Home Diabetes and Endocrinology UWF Retinal Imaging Process Could Reduce Practice Burden

UWF Retinal Imaging Process Could Reduce Practice Burden

Real-time ultrawide field retinal imaging has high sensitivity, specificity for detecting referable DR

FRIDAY, June 5, 2015 (HealthDay News) — Real-time ultrawide field (UWF) retinal image evaluation by nonphysician imagers can accurately detect diabetic retinopathy (DR) and help reduce center image grading burden, according to a study published online June 1 in Diabetes Care.

Paolo S. Silva, M.D., from the Joslin Diabetes Center in Boston, and colleagues examined the ability of trained nonphysician retinal imagers to perform DR assessment at the time of UWF retinal imaging. A total of 3,978 eyes of 1,989 patients with diabetes were imaged, of which 94.7 percent were gradable for DR. At the time of capture, retinal imagers evaluated UWF images for referable DR. Imagers underwent training that included four hours of standardized didactic lectures and 12 hours of guided image review. Real-time assessments were compared with standard masked gradings that were performed at a centralized reading center.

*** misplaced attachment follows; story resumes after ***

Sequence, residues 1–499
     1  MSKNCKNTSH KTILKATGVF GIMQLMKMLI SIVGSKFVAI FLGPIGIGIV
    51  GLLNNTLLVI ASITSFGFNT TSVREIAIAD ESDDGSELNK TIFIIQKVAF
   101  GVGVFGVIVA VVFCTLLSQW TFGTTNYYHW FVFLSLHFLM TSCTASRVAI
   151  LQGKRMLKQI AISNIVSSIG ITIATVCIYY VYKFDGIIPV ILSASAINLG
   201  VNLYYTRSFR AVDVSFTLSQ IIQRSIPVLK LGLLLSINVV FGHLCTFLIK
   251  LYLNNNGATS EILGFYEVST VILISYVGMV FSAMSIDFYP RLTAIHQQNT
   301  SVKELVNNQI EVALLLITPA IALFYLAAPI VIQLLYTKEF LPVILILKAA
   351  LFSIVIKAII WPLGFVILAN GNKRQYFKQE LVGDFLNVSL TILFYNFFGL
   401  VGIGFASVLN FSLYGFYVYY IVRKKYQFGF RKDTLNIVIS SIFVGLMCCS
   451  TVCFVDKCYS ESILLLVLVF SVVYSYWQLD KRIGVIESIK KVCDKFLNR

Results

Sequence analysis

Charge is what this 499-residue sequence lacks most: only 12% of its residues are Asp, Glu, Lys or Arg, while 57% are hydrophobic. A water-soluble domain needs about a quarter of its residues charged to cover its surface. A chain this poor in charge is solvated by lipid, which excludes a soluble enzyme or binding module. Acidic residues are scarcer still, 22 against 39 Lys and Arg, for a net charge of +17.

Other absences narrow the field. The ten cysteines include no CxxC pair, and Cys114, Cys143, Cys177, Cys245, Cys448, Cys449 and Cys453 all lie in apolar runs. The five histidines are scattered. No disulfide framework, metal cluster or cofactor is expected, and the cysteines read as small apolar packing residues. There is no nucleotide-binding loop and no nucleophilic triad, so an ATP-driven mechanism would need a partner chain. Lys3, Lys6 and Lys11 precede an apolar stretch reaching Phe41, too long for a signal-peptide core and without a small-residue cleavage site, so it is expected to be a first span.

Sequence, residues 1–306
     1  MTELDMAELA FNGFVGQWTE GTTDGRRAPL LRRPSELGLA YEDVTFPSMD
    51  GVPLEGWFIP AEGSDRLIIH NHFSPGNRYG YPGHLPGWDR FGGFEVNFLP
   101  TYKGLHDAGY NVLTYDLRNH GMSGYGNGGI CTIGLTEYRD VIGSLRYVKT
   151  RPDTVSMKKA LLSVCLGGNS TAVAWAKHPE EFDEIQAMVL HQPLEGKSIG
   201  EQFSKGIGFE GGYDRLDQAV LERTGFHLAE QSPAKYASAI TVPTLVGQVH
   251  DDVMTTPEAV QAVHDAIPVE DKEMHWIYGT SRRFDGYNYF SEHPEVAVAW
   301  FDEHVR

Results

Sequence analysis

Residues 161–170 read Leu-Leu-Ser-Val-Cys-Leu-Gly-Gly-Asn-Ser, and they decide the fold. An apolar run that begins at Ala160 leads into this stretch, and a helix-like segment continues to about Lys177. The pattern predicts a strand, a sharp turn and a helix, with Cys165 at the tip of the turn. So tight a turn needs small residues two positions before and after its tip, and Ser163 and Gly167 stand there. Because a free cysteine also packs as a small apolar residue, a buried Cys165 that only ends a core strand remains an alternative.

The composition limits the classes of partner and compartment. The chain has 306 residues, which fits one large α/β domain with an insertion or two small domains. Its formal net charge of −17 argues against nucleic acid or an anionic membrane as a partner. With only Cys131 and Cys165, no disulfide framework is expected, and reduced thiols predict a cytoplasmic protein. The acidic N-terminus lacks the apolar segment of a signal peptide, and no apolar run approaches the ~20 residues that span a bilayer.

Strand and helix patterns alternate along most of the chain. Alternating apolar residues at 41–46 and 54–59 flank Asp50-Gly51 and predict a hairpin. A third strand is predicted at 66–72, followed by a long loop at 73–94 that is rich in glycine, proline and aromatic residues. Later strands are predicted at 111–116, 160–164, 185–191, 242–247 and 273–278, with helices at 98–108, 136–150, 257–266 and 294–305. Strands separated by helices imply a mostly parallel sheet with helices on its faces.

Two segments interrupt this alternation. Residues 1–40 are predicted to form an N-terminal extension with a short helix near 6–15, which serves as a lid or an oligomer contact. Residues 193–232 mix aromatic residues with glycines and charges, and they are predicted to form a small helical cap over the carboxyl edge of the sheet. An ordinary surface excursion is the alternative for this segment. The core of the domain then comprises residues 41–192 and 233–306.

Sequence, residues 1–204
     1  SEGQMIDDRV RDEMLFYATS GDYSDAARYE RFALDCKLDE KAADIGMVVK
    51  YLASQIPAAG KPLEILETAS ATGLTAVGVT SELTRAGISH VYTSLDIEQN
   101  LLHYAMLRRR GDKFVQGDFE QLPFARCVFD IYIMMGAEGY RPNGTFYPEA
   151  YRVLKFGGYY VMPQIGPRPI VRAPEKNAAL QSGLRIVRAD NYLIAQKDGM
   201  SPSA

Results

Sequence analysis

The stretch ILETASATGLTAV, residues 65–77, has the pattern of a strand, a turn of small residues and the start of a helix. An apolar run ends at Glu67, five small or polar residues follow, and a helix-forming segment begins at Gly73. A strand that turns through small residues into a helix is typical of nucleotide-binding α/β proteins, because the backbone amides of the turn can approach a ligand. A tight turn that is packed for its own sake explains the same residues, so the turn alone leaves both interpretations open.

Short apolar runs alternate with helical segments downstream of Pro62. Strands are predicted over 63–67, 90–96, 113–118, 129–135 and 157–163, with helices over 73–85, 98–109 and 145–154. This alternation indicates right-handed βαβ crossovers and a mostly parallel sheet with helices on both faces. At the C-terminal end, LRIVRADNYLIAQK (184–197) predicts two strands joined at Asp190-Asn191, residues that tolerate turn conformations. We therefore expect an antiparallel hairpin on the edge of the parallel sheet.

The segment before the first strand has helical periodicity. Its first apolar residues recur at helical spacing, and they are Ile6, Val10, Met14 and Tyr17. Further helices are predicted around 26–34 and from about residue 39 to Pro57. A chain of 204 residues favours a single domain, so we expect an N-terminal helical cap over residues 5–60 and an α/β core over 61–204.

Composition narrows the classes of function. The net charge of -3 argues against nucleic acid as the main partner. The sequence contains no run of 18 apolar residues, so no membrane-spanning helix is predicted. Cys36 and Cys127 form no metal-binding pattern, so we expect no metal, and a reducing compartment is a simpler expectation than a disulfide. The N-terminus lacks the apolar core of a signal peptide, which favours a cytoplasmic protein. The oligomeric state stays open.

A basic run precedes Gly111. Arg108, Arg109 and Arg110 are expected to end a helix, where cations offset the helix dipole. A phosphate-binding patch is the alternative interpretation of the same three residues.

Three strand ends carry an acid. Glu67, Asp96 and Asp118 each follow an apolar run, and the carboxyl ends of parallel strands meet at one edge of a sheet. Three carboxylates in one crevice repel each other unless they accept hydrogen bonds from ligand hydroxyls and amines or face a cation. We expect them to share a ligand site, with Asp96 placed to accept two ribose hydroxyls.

The researchers found that 36.5 percent of eyes had DR and 15.3 percent had referable DR. Real-time image evaluation had a sensitivity and specificity for identifying more than minimal DR of 0.95 and 0.84, respectively, compared with the centralized center. For detecting referable DR, the specificity and sensitivity of real-time image evaluation was 0.99 and 0.76, respectively. Three of 580 patients with referable DR were not identified with real-time imager evaluation.

“This study demonstrates that appropriately trained and certified imagers following a defined imaging and grading protocol can accurately evaluate images for the presence of either DR or referable DR at the time of UWF retinal imaging,” the authors write. “With immediate image evaluation, <0.1 percent of patients with referable DR would be missed, reading center image grading burden would be reduced by 60 percent, and patient feedback would be expedited.”

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